7. Our experience has been that whether it be a superintendent, a ranger, or a volunteer tour guide, the vast majority of the individuals comprising the National Park Service team are dedicated individuals who strive to carry out the mandates of Congress. Above all, these mandates provide for conservation of the natural, historical, and cultural resources of Cumberland Island.

Visitor Info

The Conservancy hopes that you will be able to visit Cumberland Island. We believe that it is a place that helps transform people. Only by visiting the island can one be affected by its charm and grace.
We hope you are able to come.

Cumberland Island, GA, USA

If you intend to camp on the island, or simply be a daytripper, you should contact the National Park Service for access. For information including ferry schedules and camping reservations visit the National Park Service’s Cumberland Island website at here.Getting to and from the Island:The National Park Service operates its ferry service from St. Mary’s, GA, stopping at both the Dungeness dock and the Sea Camp Dock. Cumberland can also be accessed through Fernandina Beach, FL, via the vessel operated by The Greyfield Inn.LodgingThere are two ways to stay on the island: at Greyfield Inn or at one of the National Park Service campsites. Most visitors to Cumberland Island gain their access through the National Park Service. They camp at one of the various sites on the island. The delightful Greyfield Inn is a more expensive way to stay on the Island. Greyfield is a converted Carnegie mansion still owned and managed by members of the Carnegie family. For more information, visit the Greyfield Inn website here.ActivitiesThe National Park Service provides ranger-guided tours of the Island. Details and schedule can be found here. There are also many outdoor activities including:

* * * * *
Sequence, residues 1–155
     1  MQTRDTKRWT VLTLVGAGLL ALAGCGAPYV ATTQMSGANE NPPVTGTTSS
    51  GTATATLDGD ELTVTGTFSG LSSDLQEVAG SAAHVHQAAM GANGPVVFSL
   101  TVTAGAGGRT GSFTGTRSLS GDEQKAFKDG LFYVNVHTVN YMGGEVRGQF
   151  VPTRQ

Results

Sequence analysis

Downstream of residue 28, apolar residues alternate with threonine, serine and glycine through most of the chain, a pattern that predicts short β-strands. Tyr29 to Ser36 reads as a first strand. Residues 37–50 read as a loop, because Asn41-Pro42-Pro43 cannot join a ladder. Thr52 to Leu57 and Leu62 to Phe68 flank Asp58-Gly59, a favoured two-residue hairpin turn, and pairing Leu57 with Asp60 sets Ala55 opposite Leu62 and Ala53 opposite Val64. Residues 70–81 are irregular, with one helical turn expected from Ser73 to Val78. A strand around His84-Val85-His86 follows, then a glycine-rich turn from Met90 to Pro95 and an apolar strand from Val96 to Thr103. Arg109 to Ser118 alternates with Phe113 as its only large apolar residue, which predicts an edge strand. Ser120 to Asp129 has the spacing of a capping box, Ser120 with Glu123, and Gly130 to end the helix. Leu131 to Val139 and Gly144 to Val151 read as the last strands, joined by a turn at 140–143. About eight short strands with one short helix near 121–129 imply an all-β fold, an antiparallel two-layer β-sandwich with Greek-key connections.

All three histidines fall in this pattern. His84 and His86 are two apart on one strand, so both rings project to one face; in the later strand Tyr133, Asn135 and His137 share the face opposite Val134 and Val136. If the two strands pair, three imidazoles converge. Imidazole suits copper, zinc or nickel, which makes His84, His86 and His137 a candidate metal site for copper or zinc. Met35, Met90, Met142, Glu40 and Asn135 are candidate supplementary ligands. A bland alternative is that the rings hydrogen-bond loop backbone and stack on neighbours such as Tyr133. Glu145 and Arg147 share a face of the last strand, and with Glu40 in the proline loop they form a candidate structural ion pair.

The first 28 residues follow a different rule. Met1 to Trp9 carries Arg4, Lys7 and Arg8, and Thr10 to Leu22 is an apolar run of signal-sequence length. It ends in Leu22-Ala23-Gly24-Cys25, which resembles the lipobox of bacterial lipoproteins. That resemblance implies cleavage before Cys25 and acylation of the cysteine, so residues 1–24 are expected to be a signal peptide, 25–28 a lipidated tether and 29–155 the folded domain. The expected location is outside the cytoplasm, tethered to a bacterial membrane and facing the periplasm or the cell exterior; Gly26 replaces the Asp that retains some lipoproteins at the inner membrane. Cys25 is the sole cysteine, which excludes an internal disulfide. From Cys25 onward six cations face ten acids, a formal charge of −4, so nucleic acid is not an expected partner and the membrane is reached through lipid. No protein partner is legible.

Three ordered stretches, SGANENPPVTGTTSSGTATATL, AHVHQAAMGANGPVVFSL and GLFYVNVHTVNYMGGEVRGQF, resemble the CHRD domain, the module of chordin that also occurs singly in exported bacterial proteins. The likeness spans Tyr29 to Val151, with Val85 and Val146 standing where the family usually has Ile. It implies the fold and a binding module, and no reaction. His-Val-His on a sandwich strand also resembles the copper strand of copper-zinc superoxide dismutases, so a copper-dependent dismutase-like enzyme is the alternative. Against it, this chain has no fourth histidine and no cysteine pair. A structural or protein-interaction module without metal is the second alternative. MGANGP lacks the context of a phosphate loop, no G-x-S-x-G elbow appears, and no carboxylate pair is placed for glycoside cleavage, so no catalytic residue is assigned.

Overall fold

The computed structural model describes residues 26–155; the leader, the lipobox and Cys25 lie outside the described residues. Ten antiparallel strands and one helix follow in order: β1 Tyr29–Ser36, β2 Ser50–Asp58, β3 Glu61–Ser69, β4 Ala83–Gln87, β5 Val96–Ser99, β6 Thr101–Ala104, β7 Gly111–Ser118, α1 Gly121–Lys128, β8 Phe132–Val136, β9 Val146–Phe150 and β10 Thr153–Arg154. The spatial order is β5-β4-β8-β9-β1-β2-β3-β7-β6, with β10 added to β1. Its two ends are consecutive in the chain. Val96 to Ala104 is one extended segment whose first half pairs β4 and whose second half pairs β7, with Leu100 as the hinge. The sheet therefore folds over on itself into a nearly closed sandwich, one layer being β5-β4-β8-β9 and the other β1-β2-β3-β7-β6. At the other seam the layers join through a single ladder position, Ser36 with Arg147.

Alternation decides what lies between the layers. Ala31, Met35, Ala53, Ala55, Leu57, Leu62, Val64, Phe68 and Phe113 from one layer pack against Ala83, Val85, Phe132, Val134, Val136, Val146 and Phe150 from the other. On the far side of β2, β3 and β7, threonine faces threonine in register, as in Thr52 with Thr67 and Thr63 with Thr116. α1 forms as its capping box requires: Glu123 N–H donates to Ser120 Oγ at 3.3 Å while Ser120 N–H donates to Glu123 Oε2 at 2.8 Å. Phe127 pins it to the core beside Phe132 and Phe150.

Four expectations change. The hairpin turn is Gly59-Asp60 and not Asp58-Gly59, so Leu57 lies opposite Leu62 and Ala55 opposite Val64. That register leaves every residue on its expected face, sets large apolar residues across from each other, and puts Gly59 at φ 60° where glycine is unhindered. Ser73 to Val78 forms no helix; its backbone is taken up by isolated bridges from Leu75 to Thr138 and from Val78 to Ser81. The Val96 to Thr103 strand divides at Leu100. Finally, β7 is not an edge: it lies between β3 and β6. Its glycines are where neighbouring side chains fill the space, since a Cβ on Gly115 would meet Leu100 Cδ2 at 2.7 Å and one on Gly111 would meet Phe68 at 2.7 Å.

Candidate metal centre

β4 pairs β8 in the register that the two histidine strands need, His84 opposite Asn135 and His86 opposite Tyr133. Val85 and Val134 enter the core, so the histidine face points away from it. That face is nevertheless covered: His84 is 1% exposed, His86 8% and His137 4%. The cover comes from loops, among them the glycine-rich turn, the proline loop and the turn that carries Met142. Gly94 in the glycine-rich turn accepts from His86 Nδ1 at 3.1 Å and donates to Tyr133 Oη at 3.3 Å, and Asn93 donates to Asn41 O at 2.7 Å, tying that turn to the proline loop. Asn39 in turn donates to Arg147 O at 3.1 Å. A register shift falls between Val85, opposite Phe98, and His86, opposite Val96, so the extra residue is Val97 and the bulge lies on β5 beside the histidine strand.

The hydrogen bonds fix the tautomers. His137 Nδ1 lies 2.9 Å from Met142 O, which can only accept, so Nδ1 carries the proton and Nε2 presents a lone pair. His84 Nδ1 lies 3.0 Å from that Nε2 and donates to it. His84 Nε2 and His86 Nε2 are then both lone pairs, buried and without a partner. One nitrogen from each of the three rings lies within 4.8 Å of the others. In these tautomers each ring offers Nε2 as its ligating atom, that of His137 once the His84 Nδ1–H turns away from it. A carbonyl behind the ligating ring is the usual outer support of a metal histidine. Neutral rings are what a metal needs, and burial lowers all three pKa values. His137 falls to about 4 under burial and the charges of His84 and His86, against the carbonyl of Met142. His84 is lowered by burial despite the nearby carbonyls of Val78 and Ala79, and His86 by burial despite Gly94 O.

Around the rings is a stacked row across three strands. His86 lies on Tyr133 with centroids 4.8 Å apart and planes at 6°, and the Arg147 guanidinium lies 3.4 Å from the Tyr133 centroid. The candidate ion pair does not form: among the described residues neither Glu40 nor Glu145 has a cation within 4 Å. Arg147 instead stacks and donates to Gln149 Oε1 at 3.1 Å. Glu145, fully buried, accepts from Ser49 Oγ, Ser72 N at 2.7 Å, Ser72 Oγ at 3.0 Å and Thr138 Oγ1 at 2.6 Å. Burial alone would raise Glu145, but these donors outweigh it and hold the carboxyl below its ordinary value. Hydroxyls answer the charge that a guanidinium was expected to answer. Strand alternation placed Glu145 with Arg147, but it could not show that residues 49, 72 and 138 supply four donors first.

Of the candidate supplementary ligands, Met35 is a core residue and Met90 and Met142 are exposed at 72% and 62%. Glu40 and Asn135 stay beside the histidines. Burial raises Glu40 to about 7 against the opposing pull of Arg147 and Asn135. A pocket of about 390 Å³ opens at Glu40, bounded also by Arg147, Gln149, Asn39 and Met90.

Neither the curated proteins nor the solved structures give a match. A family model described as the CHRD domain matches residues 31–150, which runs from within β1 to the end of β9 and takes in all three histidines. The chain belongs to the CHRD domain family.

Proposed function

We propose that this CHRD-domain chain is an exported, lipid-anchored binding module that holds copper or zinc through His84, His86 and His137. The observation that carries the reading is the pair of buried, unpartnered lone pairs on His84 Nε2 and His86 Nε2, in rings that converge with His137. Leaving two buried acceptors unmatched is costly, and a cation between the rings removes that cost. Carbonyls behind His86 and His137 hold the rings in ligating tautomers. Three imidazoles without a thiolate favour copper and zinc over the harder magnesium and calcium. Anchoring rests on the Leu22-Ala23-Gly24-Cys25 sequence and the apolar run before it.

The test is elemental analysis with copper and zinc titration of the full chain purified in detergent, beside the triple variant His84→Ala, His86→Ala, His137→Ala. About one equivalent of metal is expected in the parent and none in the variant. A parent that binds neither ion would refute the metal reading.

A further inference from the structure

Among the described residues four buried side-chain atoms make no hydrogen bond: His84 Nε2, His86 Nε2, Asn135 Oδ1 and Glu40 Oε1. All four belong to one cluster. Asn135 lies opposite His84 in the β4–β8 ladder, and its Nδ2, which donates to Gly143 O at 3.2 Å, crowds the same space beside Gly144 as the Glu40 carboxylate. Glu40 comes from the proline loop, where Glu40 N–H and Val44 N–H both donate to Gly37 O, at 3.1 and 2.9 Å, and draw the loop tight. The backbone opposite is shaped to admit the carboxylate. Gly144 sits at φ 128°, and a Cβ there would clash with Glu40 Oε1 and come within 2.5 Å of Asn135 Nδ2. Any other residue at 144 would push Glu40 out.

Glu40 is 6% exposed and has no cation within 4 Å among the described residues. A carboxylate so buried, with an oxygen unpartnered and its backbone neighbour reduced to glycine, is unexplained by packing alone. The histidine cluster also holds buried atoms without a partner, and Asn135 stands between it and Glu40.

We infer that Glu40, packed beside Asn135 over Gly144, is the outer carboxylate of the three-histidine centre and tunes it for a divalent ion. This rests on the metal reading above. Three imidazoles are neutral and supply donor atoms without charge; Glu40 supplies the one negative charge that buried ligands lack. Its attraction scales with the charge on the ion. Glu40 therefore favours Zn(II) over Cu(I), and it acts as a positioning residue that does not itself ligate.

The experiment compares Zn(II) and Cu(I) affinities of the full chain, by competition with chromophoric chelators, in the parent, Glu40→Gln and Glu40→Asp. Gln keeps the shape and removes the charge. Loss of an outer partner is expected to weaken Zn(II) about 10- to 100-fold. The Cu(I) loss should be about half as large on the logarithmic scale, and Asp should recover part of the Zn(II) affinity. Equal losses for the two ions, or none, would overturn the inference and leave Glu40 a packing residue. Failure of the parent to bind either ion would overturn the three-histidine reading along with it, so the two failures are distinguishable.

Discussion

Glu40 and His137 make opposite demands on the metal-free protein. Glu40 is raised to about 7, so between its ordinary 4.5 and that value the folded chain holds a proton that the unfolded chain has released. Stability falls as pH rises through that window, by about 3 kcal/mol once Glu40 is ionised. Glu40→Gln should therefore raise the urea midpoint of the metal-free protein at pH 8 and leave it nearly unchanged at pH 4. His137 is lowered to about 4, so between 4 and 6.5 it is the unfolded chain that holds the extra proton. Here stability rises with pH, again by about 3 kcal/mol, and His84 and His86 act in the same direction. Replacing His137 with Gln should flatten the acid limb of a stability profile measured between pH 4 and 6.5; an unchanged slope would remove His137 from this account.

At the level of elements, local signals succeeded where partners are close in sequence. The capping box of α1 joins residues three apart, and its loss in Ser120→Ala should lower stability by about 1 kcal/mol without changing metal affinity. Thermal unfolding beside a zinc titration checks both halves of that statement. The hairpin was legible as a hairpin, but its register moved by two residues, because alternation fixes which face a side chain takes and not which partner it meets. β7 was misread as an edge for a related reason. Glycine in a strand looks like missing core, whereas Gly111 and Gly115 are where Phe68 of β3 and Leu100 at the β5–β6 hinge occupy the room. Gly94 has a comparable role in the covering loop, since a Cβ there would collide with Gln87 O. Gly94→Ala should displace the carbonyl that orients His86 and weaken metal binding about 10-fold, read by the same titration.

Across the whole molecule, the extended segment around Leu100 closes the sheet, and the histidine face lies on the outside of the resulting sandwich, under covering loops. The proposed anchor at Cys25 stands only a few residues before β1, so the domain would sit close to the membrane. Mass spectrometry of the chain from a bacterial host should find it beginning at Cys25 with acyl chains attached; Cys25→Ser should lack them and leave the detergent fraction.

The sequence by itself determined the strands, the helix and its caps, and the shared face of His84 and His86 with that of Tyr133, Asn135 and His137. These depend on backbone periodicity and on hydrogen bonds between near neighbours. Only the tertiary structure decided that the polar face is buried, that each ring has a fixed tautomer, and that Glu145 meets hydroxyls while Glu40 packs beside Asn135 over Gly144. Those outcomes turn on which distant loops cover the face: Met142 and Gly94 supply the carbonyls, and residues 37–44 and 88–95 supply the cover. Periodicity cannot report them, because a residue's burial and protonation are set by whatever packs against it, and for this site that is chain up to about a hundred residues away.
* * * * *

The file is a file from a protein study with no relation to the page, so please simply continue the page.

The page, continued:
• Hiking

  • Star Gazing

  • Wildlife Viewing

  • Camping

  • Photography

  • Swimming

  • Hunting

  • Bird Watching

  • Private Boating

  • Fishing

  • Beach Combing

  • Biking


To learn more about Cumberland Island or how to support the Cumberland Island Conservancy, take a moment to fill out the our online inquiry form. We are always glad to hear from old friends of Cumberland and those who hope to visit our beautiful island in the future. We look forward to hearing from you and hope to see you at Cumberland soon.